Page 1 of 1


Posted: Sun Oct 17, 2004 5:32 pm
by Archived Topic
While driving home from Grandma’s house on Christmas Day, my son asked me if I knew the origin of the word ‘heyday.’ I said I didn’t but that I assumed it had something to do with the exhilaration on the day of the hay harvest. My son told me that ‘hey’ in ‘heyday’ was spelled h-e-y. Hmm!
When I got home and checked the Wordwizard Archive, I found the question had been asked back in August of 2002, but only with the anonymous nasty reply “use the dictionary moron” and no further explanation. Well, thank goodness that those days of moronic incivility are behind us (I assume).

The Merriam-Webster link provided – Etymology: irregular from ‘hey.’ Date: 1672. ‘archaic’ -- used to express elation or wonder. And HEY provided –‘interjection,’ Etymology: Middle English, Date: 13th century-- used especially to call attention or to express interrogation, surprise, or exultation.

It was quite a surprise to me that ‘heyday’ actually derived from our common English interjection ‘hey’ (now also used as a hip greeting instead of ‘hello’). And I was interested in seeing what else I could find.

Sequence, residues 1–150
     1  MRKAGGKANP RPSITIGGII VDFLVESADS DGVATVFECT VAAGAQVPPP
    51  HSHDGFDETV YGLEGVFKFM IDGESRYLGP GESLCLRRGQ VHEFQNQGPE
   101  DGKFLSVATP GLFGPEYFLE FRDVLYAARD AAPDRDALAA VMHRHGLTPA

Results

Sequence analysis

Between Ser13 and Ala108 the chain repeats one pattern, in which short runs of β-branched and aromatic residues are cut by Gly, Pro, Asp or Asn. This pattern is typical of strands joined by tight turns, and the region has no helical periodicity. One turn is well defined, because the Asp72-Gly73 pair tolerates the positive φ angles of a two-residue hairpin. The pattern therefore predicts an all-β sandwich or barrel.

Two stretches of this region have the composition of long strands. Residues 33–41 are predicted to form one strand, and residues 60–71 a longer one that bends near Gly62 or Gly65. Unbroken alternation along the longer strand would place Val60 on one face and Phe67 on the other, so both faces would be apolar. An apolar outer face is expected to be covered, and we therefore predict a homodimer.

Morris Dictionary of Word and Phrase Origins
HEYDAY goes back to an Anglo-Saxon use of ‘hey’ as an expression of great enthusiasm and happiness [[frolic and exultation, and sometimes of wonder – Webster’s 1913]]. So a person’s ‘heyday’ is the period of his greatest vigor and success.

Ayto’s Dictionary of Word and Phrase Origins

HEYDAY [16th century] Etymologically, the ‘-day’ of ‘heyday’ has no connection with the English noun ‘day,’ although it has come to resemble it over the centuries. Nor is ‘hey-‘ related to ‘hay.’ Originally the word was ‘heyda,’ an exclamation roughly equivalent to the modern English ‘hurrah’ [hot diggety!]. Probably it was an extension of ‘hey,’ modeled partly on Low German ‘heida,’ hurrah. Its earliest noun use (first recorded in the 1590s) was in the sense ‘state of exultation’ [[< “The heyday in the blood is tame, it’s humble, And waits upon the judgment.” ‘Hamlet’ Scene IV, Act iii (1600), Shakespeare>]] the influence of the ‘day’-like second syllable did not make itself felt until the mid-18th century, when the modern sense ‘period of great success’ began to emerge.

Contrary to Ayto’s above opinion that the modern sense of ‘heyday’ arrived in the mid-18th century, ‘Webster’s 1828 Dictionary’ provides only the following:

HEYDAY, exclamation. An expression of frolick and exultation, and sometimes of wonder.

HEYDAY, n. A frolick; wildness.

It is also interesting that Webster’s 1913 Dictionary incorrectly gives the probable etymology of the word as coming from the eminently logical ‘high day.’

Ken G – December 28, 2003

Submitted by Ken Greenwald (Fort Collins, CO - U.S.A.)